Our friends over at The Walt Disney Company shared this interview with Erica Milsom, the director of Pixar’s Loop. Everything below – text and photos – is courtesy of The Walt Disney Company.
Throughout April, celebrations across the globe promote autism acceptance and ensure that autistic people are seen, heard and celebrated for their unique experiences of the world. This month, as we continue efforts to extend awareness, encourage acceptance and ignite change, get to know Erica Milsom, a Pixar employee and director of one of Pixar’s SparkShorts, “Loop,” now streaming on Disney+.
In “Loop,” two kids at canoe camp find themselves adrift on a lake, unable to move forward until they find a new way to connect and see the world through each other’s eyes. This film breaks new ground by featuring Pixar’s first non-verbal autistic character.
Tell us about your journey at Pixar?
I started at Pixar 16 years ago when I was hired for a 3-month temp job as an assistant documentary editor. My role was to help with the first in-house documentary called “Making Nemo,” the story of how “Finding Nemo” was made.
Through this role, I quickly realized how much I had to learn about filmmaking and the craft of storytelling at Pixar. Three months became 15 years and as I grew as a storyteller, I was promoted to director of Pixar’s non-fiction unit during the making of “Ratatouille.” Since then, I’ve directed hundreds of short pieces in many different mediums, from 2D animation to scripted narrative to traditional documentary, and now CG animation.
Through all of this, I was mentored by people around me, having access to the great storytellers who shared how Pixar’s incredible films were made.
How did you get involved with Pixar’s SparkShorts program?
With so many talented employees working at Pixar, there is a lot of storytelling potential among the crew that goes beyond the boundaries of our films in production. Pixar’s president, Jim Morris, recognized this potential and helped found a program called the Pixar Cooperative Film Program (Co-op Program), where filmmakers and employees can tap into Pixar’s resources to test their ideas by making films together after-hours.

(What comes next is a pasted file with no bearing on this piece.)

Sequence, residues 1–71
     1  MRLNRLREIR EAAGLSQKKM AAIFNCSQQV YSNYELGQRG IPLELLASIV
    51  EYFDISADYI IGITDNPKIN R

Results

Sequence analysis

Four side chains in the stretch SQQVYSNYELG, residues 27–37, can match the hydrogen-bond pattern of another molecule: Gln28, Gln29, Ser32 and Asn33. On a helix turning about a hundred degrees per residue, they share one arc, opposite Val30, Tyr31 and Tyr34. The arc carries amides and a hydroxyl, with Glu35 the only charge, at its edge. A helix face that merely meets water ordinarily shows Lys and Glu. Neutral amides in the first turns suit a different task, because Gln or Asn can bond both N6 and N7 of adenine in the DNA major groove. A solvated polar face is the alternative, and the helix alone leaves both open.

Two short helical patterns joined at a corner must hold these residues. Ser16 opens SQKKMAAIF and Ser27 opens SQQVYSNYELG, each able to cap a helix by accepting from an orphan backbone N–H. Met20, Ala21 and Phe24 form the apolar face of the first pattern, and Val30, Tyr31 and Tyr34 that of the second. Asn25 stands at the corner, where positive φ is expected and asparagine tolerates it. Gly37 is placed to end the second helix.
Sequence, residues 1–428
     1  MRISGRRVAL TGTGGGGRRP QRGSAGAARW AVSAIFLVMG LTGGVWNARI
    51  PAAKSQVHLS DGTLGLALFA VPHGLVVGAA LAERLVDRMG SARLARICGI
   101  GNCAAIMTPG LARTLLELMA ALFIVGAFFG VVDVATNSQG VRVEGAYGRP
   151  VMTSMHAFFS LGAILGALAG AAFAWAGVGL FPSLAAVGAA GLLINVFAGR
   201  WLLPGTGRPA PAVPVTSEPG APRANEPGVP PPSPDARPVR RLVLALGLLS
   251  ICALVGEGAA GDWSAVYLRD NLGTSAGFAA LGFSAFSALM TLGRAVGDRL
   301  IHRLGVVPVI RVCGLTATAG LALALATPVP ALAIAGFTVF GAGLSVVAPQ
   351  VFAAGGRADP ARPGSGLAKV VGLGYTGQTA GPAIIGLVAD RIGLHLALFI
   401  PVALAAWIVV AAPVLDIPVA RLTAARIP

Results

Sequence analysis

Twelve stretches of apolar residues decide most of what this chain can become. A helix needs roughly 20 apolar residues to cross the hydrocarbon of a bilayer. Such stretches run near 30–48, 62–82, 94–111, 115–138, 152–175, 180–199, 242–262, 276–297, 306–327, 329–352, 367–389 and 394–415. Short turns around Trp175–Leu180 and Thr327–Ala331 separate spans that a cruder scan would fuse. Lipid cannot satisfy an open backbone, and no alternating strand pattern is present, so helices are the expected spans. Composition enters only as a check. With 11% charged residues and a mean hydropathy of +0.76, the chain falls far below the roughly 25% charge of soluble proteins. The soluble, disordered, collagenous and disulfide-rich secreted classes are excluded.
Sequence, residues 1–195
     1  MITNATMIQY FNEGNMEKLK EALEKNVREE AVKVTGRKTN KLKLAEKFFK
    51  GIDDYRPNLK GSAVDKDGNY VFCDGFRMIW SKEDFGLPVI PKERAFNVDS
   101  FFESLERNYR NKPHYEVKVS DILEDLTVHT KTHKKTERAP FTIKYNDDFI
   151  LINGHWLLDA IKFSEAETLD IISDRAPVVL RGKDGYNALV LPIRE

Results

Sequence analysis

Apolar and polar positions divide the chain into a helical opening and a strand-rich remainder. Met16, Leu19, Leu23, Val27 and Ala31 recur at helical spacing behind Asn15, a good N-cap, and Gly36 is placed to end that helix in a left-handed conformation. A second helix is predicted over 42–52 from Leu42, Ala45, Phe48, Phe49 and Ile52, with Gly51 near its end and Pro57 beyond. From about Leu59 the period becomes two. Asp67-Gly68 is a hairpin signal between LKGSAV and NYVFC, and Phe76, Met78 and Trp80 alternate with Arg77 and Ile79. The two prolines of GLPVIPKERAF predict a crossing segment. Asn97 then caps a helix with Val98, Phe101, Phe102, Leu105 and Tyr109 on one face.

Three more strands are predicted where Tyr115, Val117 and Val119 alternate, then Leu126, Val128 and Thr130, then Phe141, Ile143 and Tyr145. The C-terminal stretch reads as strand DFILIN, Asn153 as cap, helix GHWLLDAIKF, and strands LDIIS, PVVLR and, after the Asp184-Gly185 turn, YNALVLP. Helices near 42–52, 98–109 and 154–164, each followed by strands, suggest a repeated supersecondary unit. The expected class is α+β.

Through this program, I made a feature length documentary called “Snow Day: Life, Death & Skiing,” about aging, friendship and loss. These deep themes are wrapped up in a fun skiing documentary which follows my dad’s ski group on their weekly journeys to the Colorado Rockies. This film is available today on Amazon Prime.
Also through the Co-Op Program, I wrote and directed a short fiction film called “So Much Yellow,” about a family tragedy in the 1960’s originating in the institutionalization of a boy with Down syndrome. The Co-op allowed me to collaborate with many different Pixar artists and stretch my directing skills, so when I had the idea to create a SparkShorts film, Pixar was open to giving me a chance.
SparkShorts is an interesting program because it allows filmmakers to tell stories that aren’t driven by the same expectations of the studio. They’re usually very personal and created in a faster, more experimental fashion than our traditional pipeline.
What inspired the story of “Loop?”
A year prior, I was volunteering at a non-profit arts program for adults with disabilities and had this profound experience of sitting next to an artist who didn’t communicate using words. I found myself nervous without language to connect, and I put forth a lot of effort to create small talk with them, which didn’t work at all.